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Muscle Forces greater con. or ecc.?

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  • Muscle Forces greater con. or ecc.?

    This post concerns a debate at the Midwest Graduate Students
    Biomechanics Symposium on March 16. I apologize if I do not represent
    the other party's arguments very well and invite his participation.
    I also apologize for a longish post. However, I felt that the
    debate was ended prematurely at the symposium and that further
    discussion would be in order. It was suggested at the symposium that
    debates such as these take place on the internet, which I agree to.
    I welcome any feedback, particularily if I have made an error in my
    thinking, which has been known to happen but which I do not believe
    has occurred in this instance.

    A statement was made that muscle forces are greater during the
    concentric phase than during the eccentric phase. To prove this
    vertical ground reaction forces were measured while the subject
    completed an elbow curl holding a 25 pound weight. The ground reaction
    forces showed greater deviations, both positive and negative, from
    the weight of the individual plus twenty-five pounds during the
    concentric phase than during the eccentric phase. This was given e
    as proof that the muscle forces were larger during the concentric
    phase. It is my assertion that this is not necessarily, or even
    generally, true.

    My Comments:
    1) This test is not a good one for answering the question. What
    the vertical ground reaction forces will show is the amount of
    acceleration of the center of gravity of the body plus the weight.
    The greater deviation in forces during the concentric phase
    indicates that greater accleration occurred during the concentric
    phase in this instance. However, by moving the arm slowly during
    the concentric phase and dropping rapidly during the eccentric
    phase I was able to produce greater deviations in force during
    the eccentric phase. The point here is that this will not be
    consistent and does not provide a good test for when muscle forces
    will be greatest. To actually test to see when the muscle forces,
    or more accurately, the muscle moments are greatest would require
    collecting film or video data and would not be dependent on
    force plate data.

    2. (I apologize for not being able to write formulas very well with
    the mail system I am using)
    The moments at the elbow at any given point in time will follow


    where M(muscle) is the moment caused by the muscles and other
    assorted forces (ligaments, bone-on-bone contact, etc.) and M(weight)
    is the moment caused by the weight of the arm plus the external
    weight (and is given as a negative).
    By taking the integral of both sides of the equation, we get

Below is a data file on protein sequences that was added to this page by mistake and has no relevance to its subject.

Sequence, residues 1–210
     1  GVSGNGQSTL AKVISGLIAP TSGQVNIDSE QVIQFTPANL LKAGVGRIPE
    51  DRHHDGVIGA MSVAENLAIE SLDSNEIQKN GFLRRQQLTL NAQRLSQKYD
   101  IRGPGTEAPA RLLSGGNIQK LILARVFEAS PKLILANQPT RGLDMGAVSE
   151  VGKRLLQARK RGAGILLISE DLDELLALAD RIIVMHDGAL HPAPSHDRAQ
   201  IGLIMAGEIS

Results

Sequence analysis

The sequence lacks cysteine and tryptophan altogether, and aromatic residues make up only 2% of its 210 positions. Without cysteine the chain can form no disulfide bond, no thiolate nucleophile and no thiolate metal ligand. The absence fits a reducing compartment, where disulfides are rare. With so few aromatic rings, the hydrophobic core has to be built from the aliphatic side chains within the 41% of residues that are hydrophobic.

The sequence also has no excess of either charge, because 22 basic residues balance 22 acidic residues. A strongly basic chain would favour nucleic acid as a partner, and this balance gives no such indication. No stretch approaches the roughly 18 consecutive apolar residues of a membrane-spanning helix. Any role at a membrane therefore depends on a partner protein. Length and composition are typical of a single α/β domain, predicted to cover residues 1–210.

Since the starting and ending conditions are at omega=0,
    Integral(I*alpha)=0 so the equation ends up as


    The value of M(weight) is not dependent on whether the movement
    is concentric or eccentric so it is clear that the sum of the
    muscle moments over time will be the same regardless of whether
    the movement is concentric or eccentric. While at some points
    during the movement the moments may be greater during one phase
    rather than the other, the total moments must come out the same.
    In fact there are two situations where the muscle forces
    throughout the movement would obviously be the same. If the
    motion occurs at a constant angular velocity, then alpha=0. If
    this is true, than at any time and at any angle


    Since M(weight) is determined by the angular position than
    M(muscle) will be the same at a given angular position whether
    the forearm is moving up or down.
    It may be argued that, in order to start and stop at either
    end of the movement, the assumption that alpha=0 would not be
    correct. If, however, the movement is a "mirror image", that is
    accelerations are the same going up and down at any angle
    (alpha=f(angle)) once again we have


    which becomes




    Once again, the moment at any given angle is a function of that
    angle and not of the direction of movement.
    Given that I have provided two examples of situations where
    the muscle force during the concentric phase is not greater than
    the muscle force during the eccentric phase I think that it is
    clear that it is not always true that concentric muscle forces
    are larger than eccentric muscle forces.
    The only counterargument I can think of is that it may be
    that the antagonist muscle activity (for example the triceps)
    is greater during the eccentric phase. I am fairly certain,
    though, that this was not the point that was being made in the

    Thank you for your help,
    Phil Fink
    Ph.D. Student
    Purdue University